European aid

The European Commission in Brussels / Photo Shutterstock

The European Commission in Brussels / Photo Shutterstock

Direct financial and military support from Europe to Israel is very limited compared to American aid. Within the European Neighbourhood and Partnership Instrument (ENPI), established in 2007, Israel is eligible for 14 million euros in financial assistance over the period 2007-2013.

European aid to Israel is provided mostly in the form of trade benefits. In the framework of the Euro-Mediterranean Partnership (PanEuroMed), bilateral agreements have been drawn up between the Community and its Member States on the one hand, and most countries of the Mediterranean basin on the other hand. Those agreements state, in particular, that products originating from the Mediterranean countries concerned, may be imported into the European Union (EU) free of customs duty.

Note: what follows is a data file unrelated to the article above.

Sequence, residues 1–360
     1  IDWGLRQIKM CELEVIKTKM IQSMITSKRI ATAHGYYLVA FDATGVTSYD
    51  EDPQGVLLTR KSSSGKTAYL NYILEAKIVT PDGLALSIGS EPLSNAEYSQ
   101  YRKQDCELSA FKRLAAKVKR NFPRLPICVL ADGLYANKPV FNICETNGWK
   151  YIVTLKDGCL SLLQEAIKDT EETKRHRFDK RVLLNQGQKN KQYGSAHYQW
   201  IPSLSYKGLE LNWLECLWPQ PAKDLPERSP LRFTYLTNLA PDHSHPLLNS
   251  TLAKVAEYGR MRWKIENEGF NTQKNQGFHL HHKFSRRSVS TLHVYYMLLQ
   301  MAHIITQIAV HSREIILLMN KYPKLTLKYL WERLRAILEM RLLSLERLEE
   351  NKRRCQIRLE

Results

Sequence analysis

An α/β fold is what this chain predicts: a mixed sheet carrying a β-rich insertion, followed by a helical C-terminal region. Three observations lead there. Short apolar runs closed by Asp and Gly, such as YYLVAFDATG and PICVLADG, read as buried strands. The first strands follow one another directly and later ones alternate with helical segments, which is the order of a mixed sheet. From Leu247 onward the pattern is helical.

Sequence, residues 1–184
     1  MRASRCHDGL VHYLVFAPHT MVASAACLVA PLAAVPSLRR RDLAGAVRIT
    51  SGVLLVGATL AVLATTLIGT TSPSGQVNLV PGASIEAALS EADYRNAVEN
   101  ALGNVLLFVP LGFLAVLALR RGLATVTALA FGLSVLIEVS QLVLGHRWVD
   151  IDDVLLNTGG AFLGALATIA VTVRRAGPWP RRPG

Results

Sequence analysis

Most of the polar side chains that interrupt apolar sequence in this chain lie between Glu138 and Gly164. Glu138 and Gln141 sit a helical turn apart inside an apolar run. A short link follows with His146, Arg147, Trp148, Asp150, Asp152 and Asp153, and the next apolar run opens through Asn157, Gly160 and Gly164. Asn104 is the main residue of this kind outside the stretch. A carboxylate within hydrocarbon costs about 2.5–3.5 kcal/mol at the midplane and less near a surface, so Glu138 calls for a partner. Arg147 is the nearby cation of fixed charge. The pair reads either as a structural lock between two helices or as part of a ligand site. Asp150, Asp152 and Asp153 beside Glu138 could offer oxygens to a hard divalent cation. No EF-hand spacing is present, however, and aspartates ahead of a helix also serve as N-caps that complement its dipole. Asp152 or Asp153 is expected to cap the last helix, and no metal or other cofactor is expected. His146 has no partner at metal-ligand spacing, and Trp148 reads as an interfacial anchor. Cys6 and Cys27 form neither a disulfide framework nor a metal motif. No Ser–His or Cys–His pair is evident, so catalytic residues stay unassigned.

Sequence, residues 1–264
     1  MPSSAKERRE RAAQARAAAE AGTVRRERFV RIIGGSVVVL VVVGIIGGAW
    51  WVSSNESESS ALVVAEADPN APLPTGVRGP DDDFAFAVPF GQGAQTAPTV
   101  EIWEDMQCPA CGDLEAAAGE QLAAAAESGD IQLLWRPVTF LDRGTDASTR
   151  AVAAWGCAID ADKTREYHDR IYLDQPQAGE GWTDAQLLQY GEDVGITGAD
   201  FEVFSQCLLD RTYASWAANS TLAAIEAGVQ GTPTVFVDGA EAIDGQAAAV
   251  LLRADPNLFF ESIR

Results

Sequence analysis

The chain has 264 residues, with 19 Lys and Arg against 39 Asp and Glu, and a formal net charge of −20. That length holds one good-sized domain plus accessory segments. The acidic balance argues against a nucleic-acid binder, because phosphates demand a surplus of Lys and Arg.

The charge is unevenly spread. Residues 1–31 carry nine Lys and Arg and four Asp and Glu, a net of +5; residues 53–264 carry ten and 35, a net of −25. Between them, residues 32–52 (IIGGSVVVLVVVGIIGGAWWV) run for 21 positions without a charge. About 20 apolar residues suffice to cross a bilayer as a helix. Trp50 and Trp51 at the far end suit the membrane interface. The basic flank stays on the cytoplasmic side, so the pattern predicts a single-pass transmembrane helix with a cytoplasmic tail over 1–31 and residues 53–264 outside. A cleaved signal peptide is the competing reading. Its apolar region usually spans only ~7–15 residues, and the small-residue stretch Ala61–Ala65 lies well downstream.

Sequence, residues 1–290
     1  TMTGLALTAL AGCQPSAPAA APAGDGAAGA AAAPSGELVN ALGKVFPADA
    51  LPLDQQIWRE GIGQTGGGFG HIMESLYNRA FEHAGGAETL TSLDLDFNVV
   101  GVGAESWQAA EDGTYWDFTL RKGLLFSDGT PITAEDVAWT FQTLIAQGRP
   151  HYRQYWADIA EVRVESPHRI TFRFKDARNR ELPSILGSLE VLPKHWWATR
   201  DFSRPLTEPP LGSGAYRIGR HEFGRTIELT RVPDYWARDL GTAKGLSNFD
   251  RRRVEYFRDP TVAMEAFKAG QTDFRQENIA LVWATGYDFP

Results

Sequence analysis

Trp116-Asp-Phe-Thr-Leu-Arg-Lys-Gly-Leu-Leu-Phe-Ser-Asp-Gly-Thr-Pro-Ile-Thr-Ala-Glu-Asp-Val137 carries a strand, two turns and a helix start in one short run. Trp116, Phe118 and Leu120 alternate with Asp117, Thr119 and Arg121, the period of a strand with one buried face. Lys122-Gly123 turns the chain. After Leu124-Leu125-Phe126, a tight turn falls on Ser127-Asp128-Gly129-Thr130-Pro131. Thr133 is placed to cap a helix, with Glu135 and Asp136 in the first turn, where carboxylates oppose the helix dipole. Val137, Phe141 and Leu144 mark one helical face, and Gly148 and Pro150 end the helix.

The existing Association Agreement with Israel incorporates free trade arrangements for industrial goods, concessionary arrangements for trade in agricultural products and the prospect for greater liberalization of trade in services and farm goods. This means that Israeli products can be imported into the EU duty-free or at least with a reduced level of duty being applicable. Due to continuing settlement building and the blockade of the Gaza Strip, an upgrade of the Association Agreement was put on hold following a vote in the European Parliament.

Contrary to Israeli wishes, the benefits of the preferential system do not apply to products originating from Jewish settlements because they have been produced outside Israel’s own territory. In response to pressure from activist campaigners who have argued that settlement products violated human rights, the EU adopted a technical arrangement in 2005 whereby Israeli exporters have to provide proof of the origin of their goods. The EU drew up a list of settlements and their postcodes which it considered to be beyond Israel’s 1967 borders. One of the main problems, however, is that the system relies on correct labelling by the exporting company. EU customs authorities do not have the authority to go to Israel or Palestine to check the origin of goods.

August 25th, 2010  /   February 3rd, 2015